Over-reliance on traditional models (1): Traditional models often center on the exchange of information. Organizations like to use these models because they easily depict information flow in a diagram. For example, as chains, wheels, and networks. Furthermore, conceptualizing communication in this way allows it to be mapped readily onto formalized organizations where there are clear demarcations of authority, hierarchies, and a great many procedures in place to keep everything working. Here, communication may be thought of in an overly simplistic manner as passing downward, upward or laterally, which may not be the case. These models also do not depict the human reasons that may underlie a communications failure.

Over-reliance on traditional models (2): Lack of context is another problem resulting from the inappropriate use of traditional models. What we talk about and tell others is context dependent, and formal models rarely address this. There's always much more going on and each situation is different. Furthermore, unless the model fits perfectly with the organizational structure - which is highly unlikely, as there are always unique elements - it is impossible to fully understand the problem being experienced. Many managers, however, will attempt to apply a traditional model, learnt from a textbook or a course, that is generic, but this is often really nothing more than applying an engineering-type model. Not only does it not transfer to the organizational context but it also may equate with the organization's culture and how it structures information transmission alone - because that is what ends up being depicted.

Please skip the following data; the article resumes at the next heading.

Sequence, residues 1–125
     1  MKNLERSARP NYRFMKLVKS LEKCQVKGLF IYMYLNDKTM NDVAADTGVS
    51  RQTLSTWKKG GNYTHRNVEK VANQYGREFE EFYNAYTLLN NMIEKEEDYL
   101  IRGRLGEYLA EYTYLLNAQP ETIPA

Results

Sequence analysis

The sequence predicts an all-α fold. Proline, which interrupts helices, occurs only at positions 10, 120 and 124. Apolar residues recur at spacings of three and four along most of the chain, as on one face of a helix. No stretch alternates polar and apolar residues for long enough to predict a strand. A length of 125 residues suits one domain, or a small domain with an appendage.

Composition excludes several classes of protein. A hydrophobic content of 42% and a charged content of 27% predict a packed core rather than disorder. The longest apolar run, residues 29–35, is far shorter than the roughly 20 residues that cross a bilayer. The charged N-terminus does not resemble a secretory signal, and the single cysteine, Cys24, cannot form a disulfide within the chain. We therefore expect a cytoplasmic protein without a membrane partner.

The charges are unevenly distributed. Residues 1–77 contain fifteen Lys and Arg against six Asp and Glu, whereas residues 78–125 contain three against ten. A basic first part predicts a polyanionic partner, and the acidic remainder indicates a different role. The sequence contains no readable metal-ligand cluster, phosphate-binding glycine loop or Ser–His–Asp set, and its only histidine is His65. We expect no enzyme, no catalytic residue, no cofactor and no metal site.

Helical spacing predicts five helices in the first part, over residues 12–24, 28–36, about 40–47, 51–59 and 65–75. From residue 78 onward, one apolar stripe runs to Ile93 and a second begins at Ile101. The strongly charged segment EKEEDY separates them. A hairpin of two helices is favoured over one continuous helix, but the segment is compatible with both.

The Kings Cross subway fire, in the UK, exemplifies what happens when bad communication is a symptom, and the underlying cause has disastrous consequences. The government inquiry showed there were extensive organizational failures of which communication failure was only one part. For example, safety specialists were spread over three inspectorates and focused on operational and occupational safety alone. Passenger safety was neglected by the relevant inspectorates, as well as managers who did not pursue this issue either. Hence, the need for communicating good safety protocols to staff was also overlooked. Similarly, the need to maintain controls against fire was not transmitted to passengers - smoking was allowed on trains and in the subway stations until this time. While headquarters had no access to a public address system for warnings to passengers.  

The common element running through our approach is the requirement to produce effective communication channels. And we work by example too. Throughout our intervention we take great care in fully communicating any changes to the parties involved.

The need for change is what often has to be realized by senior executives, while leaving behind any organizational bias or agenda they may harbor. Indeed, communication occurs at many levels within an organization and all levels must change to function harmoniously. In order to achieve this, we view communication not simply as a means by which change is brought about but a process in which all aspects of change are carried out. In reality, this means that any blockages to effective communication will stop change from occurring at some level and the organization cannot function effectively or develop; or worse, it may regress.

Overall, the question Psychonomics seeks to answer is: Why? …Why isn't information being listened to? Why isn't information transmitted? Why are employees assuming someone else is taking care of things? Why is no one taking responsibility? Why is there a culture in place that allows communication difficulties to arise? Then, ultimately, we ask: what is the best solution to apply?